Spring Break is wasted on the young.
When I’m in charge of the world, I’ll make it so that all the kids stay in school and anybody over thirty will take a mandatory week off in the spring.
Though everyone warned me that going to South Padre Island in March was a mistake (“It’s a mob scene!”), I found it to be quite the contrary. As a species, vacationing college kids are entirely nocturnal, so that every morning until noon, I found myself walking alone upon miles of silent, empty beach. When night came, I huddled away in my beach-view hotel room and drifted off to sleep just as the juveniles began their shrill cries and boozy mating dance.
Aside from college kids who flock from all across America, South Padre is an important migratory hotspot for so many fabulous birds, including the roseate spoonbill, hilarious loud laughing gulls, and a real beauty, the painted bunting.
As juniors from Kansas State snoozed soundly past breakfast, I tiptoed through the splendid South Padre Island Birding and Nature Center, happened upon a sleepy 10-foot long alligator and watched great egrets and great blue herons swoop within a few feet of my face. The nature is truly splendid down in this tropical corner of Texas and it was hard for me to connect this lively shoreline of sea grass and mangroves to the high plains of the Panhandle and desperate deserts of the west. And yet, all of this is in Texas.
I was even more excited to learn that South Padre is home to one of my favorite animals: sea turtles!
The rare and critically-endangered Kemp’s ridley sea turtle (Lepidochelys kempii) nests primarily on a single beach in nearby Tamaulipas, Mexico, but a few hundred have made South Padre their home. Threatened by decades of poaching, pollution, and getting caught in fishermen’s nets, the smallest of the sea turtle species fights a tough battle to survive in the wild.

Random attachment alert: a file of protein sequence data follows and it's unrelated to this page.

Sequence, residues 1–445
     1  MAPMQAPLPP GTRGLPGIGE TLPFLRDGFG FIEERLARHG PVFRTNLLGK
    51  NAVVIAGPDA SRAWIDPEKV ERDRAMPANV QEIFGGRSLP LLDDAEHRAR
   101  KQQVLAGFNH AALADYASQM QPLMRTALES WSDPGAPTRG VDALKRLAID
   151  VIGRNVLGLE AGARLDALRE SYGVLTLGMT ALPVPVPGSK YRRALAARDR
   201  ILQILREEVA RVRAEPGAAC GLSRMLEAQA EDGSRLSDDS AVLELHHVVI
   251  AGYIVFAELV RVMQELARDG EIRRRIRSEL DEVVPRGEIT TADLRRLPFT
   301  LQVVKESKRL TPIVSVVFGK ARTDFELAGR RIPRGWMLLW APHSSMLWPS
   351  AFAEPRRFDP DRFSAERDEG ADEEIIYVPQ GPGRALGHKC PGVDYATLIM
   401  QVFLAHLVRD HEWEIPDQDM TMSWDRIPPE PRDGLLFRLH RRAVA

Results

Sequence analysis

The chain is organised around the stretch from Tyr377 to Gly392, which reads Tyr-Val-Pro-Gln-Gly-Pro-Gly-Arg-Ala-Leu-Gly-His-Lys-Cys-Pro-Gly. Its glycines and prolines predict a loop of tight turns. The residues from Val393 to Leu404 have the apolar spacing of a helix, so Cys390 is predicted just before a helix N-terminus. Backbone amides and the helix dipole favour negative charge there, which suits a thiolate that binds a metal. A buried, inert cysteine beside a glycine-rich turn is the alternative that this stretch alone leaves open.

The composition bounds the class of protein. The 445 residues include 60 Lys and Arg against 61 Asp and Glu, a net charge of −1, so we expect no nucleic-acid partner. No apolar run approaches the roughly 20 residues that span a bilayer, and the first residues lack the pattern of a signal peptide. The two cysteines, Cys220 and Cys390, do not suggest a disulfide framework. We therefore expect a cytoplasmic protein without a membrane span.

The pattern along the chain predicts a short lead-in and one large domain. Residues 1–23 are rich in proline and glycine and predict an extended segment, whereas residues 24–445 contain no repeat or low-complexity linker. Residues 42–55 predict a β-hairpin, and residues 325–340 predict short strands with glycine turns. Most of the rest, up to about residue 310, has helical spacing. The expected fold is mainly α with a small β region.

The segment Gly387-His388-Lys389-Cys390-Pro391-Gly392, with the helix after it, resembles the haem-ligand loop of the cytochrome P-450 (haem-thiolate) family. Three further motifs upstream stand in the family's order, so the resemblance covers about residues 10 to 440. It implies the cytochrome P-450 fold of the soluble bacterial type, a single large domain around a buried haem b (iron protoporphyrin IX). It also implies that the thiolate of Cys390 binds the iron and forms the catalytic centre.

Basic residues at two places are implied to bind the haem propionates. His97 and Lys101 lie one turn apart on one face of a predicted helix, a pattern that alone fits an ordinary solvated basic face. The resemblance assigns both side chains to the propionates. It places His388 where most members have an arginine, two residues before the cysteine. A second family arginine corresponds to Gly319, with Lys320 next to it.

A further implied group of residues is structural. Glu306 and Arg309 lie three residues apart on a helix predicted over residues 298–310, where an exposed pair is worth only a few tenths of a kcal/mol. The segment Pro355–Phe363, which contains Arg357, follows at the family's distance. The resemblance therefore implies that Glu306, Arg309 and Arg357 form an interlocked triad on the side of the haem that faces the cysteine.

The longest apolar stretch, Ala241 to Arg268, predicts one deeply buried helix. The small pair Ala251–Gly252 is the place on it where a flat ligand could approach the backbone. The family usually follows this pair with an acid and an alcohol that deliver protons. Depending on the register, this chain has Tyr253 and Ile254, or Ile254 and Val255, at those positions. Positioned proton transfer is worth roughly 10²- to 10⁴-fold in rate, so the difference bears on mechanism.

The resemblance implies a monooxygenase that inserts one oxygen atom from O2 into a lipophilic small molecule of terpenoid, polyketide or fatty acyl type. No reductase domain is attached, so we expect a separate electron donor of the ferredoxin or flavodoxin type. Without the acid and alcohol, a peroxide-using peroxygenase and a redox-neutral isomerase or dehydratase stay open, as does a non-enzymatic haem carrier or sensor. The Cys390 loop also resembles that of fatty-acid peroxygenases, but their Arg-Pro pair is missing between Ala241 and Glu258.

While nature accounts for the poor odds of baby turtles by hatching them in large amounts, the Kemp’s ridley can no longer afford such odds. Luckily, South Padre’s Sea Turtle, Inc. is actively involved in recovering injured turtles and rehabilitating them, and then (if they are capable), releasing the turtles back into the wild.
Though Kemp’s ridleys are a special priority, the non-profit organization works with all species of sea turtle, including loggerheads, Atlantic greens and hawksbills. Aside from treating wounded animals, they are actively involved in turtle conservation and public education.
I simply walked right into their open facility and came head-to-head with a species I had only read about before. For all the great food and fun that’s in South Padre, seeing a baby Kemp’s Ridley swimming merrily about with this three remaining flippers was sheer awesomeness.
- Nat Geo Expeditions
Better yet was that I got to meet Allison, a green sea turtle that was rescued in South Padre after she lost three of her four flippers to what was probably a small shark. Although Allison was given only a 5% chance of survival, Sea Turtle, Inc. nursed her back to health, and today, she is alive, healthy, and nine years old! With only one flipper, Allison could only swim in circles, until an ingenious intern devised a prosthetic fin that would provide enough drag to balance her out. Now, visitors to South Padre can come and watch Allison swim with her prosthesis in the deep water tank of Sea Turtle, Inc. Though I have seen so many able-bodied sea turtles swim in the open ocean, none of them compared to watching Allison soar through the water.
This is the great beauty of travel–that you never know what you might find. I came to South Padre prepared for the mad rush of crazed college kids, and instead I found Allison, the amazing green sea turtle who swims with one flipper.